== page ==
CASH AND TOYS NEEDED FOR CHRISTMAS FOR KIDS DURING HOLIDAY DRIVE
Christmas for Kids is just one of the organizations that benefits from the 93-7/102-3 KRAI and 55 Country Holiday Drive. Director Amber Kawcek says every year the demand for the service grows. Donors have been generous every year, bringing new and unwrapped toys to the drive. Those that can’t afford the time to shop, often drop off checks designated for the program, and Kawcek says those donations are just as important as the toys themselves. She says her team will use the cash donations to fulfill requests that might not have been filled through toy donations. The 93-7/102-3 KRAI and 55 Country Holiday Drive takes place tomorrow and Friday, from 6 in the morning until 6 in the evening both days, in front of the Centennial Mall in Craig. It benefits Christmas for Kids, Christmas for Seniors, the Interfaith Food Bank in Craig, and Advocates Crisis Support Services. If you’d like more information, including a list of needed items, click the Holiday Drive button above.
RANGELY SCHOOLS CLOSED TODAY DUE TO WEATHER
Last night’s snow storm has prompted the Rangely School District to cancel classes for the day. Superintendent Matt Scoggins says the storm brought so much snow, ice, and wind that he felt it would be safer for kids to stay home today. He said snow drifts and ice are making travel difficult, which also affects the district’s school busses. Classes are expected to resume tomorrow.
GOVERNOR APPOINTS “POINT MAN” FOR SAGE GROUSE ISSUES
Moffat County Commissioner John Kinkaid says he is cautiously optimistic that Governor Hickenlooper is interested in helping the county out with sage grouse issues. The governor has appointed a “point person” to formulate a Colorado solution to keep the Greater Sage Grouse from being listed as an endangered species. During the governor’s recent visit to Craig, the commissioners asked the governor to do exactly that, and he has complied. John Swartout is the man that will lead that effort, and he will answer directly to the governor. Kinkaid says they were given assurances by the governor when he made the appointment, that his commitment and resolve will last beyond November of 2014.
HICKENLOOPER SAYS SECESSION EFFORT WILL STRENGTHEN STATE
Votes in 11 rural counties on whether to secede from Colorado sparked debates that ultimately will strengthen the state. That’s according to Governor Hickenlooper. Speaking to Colorado Counties Incorporated, which represents the interests of local governments, Hickenlooper yesterday repeated his pledge to listen more to rural communities. The governor has been criticized by rural counties over legislation he signed that implemented new gun restrictions and higher renewable energy standards for electricity cooperatives. The frustration prompted 11 counties to hold a largely symbolic vote in November on whether to secede from Colorado. Hickenlooper said the secession question “really led to debates and discussions that are going to make counties stronger and, ultimately make the state stronger.” Hickenlooper, who is running for a second term, has seen his popularity wane after he and fellow Front Range Democrats controlling the Colorado Legislature advanced proposals that were unappealing to rural parts of the state.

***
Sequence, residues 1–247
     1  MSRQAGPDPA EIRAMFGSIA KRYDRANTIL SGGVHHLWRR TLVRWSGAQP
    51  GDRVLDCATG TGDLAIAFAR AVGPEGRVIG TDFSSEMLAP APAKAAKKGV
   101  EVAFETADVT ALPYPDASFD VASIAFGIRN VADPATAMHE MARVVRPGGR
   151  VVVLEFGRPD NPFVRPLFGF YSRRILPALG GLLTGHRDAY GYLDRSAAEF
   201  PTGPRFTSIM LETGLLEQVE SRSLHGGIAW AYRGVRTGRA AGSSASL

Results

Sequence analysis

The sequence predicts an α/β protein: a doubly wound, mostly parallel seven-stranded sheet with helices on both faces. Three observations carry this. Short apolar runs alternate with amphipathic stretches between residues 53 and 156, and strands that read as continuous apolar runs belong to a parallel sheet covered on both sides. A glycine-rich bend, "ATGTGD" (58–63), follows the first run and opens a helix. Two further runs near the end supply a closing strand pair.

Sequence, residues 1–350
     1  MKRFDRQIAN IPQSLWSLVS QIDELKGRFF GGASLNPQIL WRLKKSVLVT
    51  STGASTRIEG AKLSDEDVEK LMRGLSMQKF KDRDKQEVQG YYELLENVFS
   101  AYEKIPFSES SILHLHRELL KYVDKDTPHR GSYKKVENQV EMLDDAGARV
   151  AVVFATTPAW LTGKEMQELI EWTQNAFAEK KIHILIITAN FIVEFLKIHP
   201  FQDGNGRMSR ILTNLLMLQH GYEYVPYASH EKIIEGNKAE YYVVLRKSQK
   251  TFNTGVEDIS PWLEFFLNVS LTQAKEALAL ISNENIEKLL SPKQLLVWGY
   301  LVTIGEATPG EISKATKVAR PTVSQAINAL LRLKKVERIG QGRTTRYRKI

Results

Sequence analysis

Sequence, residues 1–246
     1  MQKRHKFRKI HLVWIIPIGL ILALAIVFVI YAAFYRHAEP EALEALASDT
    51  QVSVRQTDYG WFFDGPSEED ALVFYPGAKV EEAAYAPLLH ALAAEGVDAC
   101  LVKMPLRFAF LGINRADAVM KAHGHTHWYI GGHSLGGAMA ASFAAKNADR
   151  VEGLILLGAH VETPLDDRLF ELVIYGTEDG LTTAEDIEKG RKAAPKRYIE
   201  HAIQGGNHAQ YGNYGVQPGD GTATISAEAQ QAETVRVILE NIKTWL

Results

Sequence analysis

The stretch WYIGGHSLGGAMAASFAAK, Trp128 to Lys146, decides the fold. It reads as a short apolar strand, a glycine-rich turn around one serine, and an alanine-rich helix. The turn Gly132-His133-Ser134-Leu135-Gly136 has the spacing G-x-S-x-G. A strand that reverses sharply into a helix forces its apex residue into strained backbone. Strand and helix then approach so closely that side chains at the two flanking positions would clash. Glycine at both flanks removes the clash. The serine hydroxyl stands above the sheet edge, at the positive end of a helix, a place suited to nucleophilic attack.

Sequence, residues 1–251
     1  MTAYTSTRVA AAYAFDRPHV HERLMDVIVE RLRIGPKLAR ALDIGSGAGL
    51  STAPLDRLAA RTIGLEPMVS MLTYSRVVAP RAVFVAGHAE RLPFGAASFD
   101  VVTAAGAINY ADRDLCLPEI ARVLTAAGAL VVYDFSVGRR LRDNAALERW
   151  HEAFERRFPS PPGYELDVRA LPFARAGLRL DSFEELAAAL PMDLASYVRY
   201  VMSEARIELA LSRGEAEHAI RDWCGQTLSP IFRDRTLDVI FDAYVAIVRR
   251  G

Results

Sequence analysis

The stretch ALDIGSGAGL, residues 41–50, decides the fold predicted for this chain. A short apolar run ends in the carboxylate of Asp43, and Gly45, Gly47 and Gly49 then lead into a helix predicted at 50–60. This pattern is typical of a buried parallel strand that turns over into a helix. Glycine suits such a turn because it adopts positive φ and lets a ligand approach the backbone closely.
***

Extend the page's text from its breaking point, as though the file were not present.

RIVER DISTRICT ACCEPTING GRANT APPLICATIONS FOR RIVER PROJECTS
Effective immediately, the Colorado River District is accepting grant applications for projects that protect, enhance or develop water resources within its 15-county region. Projects eligible for the grant program must achieve one or more of the following objectives: develop a new water supply, improve an existing system, improve instream water quality, increase water use efficiency, reduce sediment loading, implement a watershed management action, control invasive riparian vegetation, or protect pre-Colorado River Compact water rights. Successful grantees can receive up to a maximum of $150,000, or approximately 25% of the total project cost, for their project. The total amount available for the 2014 competitive grant program is $250,000. The application deadline is January 31st. For more information, click here.
DROUGHT PERSISTS IN MOST OF COLORADO
Despite some good early snowfall, drought conditions persist through most of Colorado. The U.S. Drought Monitor says three-quarters of the state is in some form of drought. Conditions are the worst in the Arkansas Valley in southeastern Colorado. Only the South Platte and the North Platte basins, hit by September’s flooding, are listed as drought free. Municipal water providers aren’t too worried right now because there’s more water in reservoirs than there was at this time last year. Snowpack levels are above average but that isn’t considered a predictor of next year’s water supply since most of the state’s snow typically doesn’t come until March and April.
COGA TAKES LEGAL ACTION AGAINST CITY FRACKING BANS
Yesterday, the Colorado Oil & Gas Association (COGA) took legal action against the oil and gas bans in Fort Collins and Lafayette. COGA contends these bans are illegal since state regulations specify, and the state Supreme Court has ruled that oil and gas development, which must employ hydraulic fracturing or fracking, supersedes local laws and cannot be banned. Every aspect of drilling, including hydraulic fracturing, is tightly regulated in Colorado. The Colorado Oil and Gas Conservation Commission (COGCC) is the lead agency for oil and gas oversight, with additional rule by numerous other state and federal agencies. The COGCC rules are recognized nationally as the most comprehensive in the country.